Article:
Director: Cameron Cairnes and Colin Cairnes
Stars: Anna McGahan, Oliver Ackland, Jamie Kristian, Damon Herriman, Angus Sampson, Chrissie Page, John Jarratt
Released on 13th July 2015 by The Works Film Group
The Morgan Brothers, mild-mannered Reg (Damon Herriman) and the older, aggressive Lindsay (Angus Sampson), use a secret ingredient in their Blood and Bone fertilizer — the bodies they find at the sites of car accidents on the dusty Outback highways. However, it’s been all too long since their last find and a serious backlog is affecting the family business. Slowly Reg realises that desperate measures are called for if the company is to survive.
Meanwhile, fun-loving Sophie (Anna McGahan), her boyfriend Jamie (Oliver Ackland) and irresponsible British backpacker Wes (Jamie Kristian) are heading to a music festival when their car breaks down in the middle of nowhere. Their misery turns to joy when Reg drives by and offers to take them to their destination.
With a quote on the DVD case calling this: ‘The best horror comedy since Shaun of the Dead’, perhaps the best description of 100 Bloody Acres would be ‘Wolf Creek played for laughs’. The film even features a cameo from Wolf Creek’s murderous Mick Taylor, John Jarratt, as a no-nonsense local lawman that ends up embroiled in the Morgan Brothers’ sick scheme.
Of course, the film stands up in its own right, an assured and fun effort from first time directors (and co-writers) Cameron and Colin Cairnes. The film looks great, taking full advantage of the Australian locations, but it is this sense of fun that really hits home. The humour is often of a decidedly black nature, but from gross-out laughs to some particularly rib-tickling one-liners, the laughs are there, nestled in amongst some serious splatter moments that are sure to please the gorehounds out there.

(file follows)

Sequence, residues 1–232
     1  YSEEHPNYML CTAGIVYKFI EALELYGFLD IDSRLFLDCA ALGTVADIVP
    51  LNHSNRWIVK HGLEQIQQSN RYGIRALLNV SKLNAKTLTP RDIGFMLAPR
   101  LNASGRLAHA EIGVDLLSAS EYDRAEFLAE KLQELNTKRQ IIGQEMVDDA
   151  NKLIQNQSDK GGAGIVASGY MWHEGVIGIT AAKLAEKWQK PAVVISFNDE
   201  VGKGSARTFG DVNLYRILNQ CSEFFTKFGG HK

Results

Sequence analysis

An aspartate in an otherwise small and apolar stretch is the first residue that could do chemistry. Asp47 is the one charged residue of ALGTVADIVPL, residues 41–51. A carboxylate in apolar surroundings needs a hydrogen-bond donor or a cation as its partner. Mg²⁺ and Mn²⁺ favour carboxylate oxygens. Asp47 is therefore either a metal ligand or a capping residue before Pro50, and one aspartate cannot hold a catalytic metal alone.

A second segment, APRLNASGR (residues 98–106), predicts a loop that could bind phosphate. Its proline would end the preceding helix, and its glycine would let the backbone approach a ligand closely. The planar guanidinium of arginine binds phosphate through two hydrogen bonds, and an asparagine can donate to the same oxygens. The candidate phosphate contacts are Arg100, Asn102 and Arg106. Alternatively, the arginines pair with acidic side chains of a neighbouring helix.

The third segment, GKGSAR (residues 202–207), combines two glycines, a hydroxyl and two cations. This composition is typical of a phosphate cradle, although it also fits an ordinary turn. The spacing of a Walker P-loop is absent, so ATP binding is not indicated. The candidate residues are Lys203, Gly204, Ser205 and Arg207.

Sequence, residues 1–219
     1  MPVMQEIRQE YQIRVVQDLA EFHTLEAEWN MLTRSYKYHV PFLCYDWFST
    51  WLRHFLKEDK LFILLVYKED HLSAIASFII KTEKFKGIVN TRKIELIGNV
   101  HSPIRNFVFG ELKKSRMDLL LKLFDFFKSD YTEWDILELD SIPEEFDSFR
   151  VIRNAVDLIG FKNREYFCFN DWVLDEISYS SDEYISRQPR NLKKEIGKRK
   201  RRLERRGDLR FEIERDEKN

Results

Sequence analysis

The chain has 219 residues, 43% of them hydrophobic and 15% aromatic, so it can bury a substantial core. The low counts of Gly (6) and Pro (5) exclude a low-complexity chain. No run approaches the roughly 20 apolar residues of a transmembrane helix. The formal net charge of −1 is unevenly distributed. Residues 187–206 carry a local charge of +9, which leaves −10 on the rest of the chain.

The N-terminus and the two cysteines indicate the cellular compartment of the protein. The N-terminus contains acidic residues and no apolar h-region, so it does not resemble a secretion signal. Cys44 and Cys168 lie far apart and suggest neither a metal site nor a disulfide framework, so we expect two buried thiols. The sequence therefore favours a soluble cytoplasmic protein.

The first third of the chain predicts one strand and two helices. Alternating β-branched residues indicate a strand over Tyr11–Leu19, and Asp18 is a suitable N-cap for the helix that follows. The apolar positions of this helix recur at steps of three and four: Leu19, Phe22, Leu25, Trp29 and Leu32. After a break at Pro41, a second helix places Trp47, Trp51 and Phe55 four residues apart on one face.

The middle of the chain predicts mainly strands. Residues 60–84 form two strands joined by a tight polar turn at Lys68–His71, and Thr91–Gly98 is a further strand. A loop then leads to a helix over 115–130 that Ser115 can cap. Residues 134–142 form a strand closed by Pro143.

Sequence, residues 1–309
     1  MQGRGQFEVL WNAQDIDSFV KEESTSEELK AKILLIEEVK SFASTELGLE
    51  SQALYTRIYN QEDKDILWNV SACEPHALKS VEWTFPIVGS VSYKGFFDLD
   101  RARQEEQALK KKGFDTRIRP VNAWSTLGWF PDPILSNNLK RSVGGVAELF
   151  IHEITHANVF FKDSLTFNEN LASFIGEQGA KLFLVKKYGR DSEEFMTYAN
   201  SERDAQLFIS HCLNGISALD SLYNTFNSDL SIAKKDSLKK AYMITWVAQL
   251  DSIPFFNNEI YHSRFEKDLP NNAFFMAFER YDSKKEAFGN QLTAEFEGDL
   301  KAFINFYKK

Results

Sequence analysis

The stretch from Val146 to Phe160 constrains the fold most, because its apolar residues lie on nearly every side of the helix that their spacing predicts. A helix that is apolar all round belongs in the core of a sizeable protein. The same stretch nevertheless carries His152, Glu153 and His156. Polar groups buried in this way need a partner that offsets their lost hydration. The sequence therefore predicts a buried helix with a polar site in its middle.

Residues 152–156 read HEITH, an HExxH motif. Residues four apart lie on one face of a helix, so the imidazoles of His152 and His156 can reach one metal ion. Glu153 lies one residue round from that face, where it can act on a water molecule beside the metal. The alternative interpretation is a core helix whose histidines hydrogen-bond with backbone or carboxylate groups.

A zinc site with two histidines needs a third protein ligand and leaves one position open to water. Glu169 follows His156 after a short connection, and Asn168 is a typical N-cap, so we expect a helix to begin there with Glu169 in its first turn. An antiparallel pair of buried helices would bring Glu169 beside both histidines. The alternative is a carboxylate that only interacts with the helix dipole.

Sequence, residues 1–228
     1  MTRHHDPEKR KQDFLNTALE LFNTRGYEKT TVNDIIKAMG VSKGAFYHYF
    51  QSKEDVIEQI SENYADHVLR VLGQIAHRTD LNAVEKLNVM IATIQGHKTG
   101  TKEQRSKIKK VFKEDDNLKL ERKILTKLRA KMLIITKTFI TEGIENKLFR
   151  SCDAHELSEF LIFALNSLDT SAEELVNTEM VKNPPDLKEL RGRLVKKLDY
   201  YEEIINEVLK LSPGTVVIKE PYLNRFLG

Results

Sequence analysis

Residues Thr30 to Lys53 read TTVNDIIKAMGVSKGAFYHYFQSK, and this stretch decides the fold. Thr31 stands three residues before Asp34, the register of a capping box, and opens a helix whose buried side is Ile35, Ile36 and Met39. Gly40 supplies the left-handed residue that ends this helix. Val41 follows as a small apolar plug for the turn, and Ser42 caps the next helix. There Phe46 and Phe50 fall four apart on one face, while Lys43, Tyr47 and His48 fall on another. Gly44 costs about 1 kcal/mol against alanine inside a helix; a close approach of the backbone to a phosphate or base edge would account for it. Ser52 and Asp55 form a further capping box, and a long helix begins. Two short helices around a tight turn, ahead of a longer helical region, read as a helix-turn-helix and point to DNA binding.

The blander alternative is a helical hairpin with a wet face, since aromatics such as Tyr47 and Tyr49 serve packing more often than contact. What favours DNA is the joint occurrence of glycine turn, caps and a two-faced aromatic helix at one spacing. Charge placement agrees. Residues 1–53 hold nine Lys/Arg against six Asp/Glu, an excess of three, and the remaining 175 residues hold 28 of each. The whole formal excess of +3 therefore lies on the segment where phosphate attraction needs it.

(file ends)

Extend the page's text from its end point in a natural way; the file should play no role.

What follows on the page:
Now, I may have made this film sound like it’s all jokes and fun, but there is plenty of proper horror here too, most of it as a direct result of Insidious’ Angus Sampson’s glowering performance as the dangerously deranged Linsday. He’s a big, intimidating man and with a mean stare and growl in his Antipodean drawl, he absolutely nails his role. So too does the inherently likeable Damon Herriman who gives his character some subtle nuance and actually makes him surprisingly sympathetic.
The trio of youngsters in the cast is also excellent, from the tough and spirited Anna McGahan to her hilarious male counterparts. The group is undoubtedly buoyed by having such a witty script with which to work, but, make no mistake, this is a sterling bunch of actors.
However, with its tight characterisation, realistic dialogue and unpredictable twists and turns, it was the script that impressed me most. The two Cairnses even manage to squeeze in a refreshing dissection of sex and gender equality, writing Sophie as by far the most liberated and adult character when it comes to intimacy, while Jamie’s bluster and confidence soon dissolves with a revelation of infidelity. What’s more the other male characters are also revealed to have their own hang-ups: Reg is repressed and terrified, Wes is a simple minded manchild and Lindsay… well, perhaps that’s better discovered for yourself. It’s nice to see genre films addressing sex in such a mature way.
Finally, like many other films coming our way as part of the new wave of Aussie horror such as the superb Wyrmwood, 100 Bloody Acres wears its ‘Australian-ness’ on its sleeve with unbridled joy. With a soundtrack full of great Australian folk music, dialogue rife with antipodean slang and the aforementioned Outback scenery, this is a film that revels in its origin and strikes all the truer for it. Think tie me kangaroo down… then hack it to pieces with a hatchet!
Is this the best horror comedy since Shaun of the Dead? I don’t think so. But with some real wit, a topnotch cast and plenty of gore to keep the scares coming with the sniggers, it IS a damn fine film.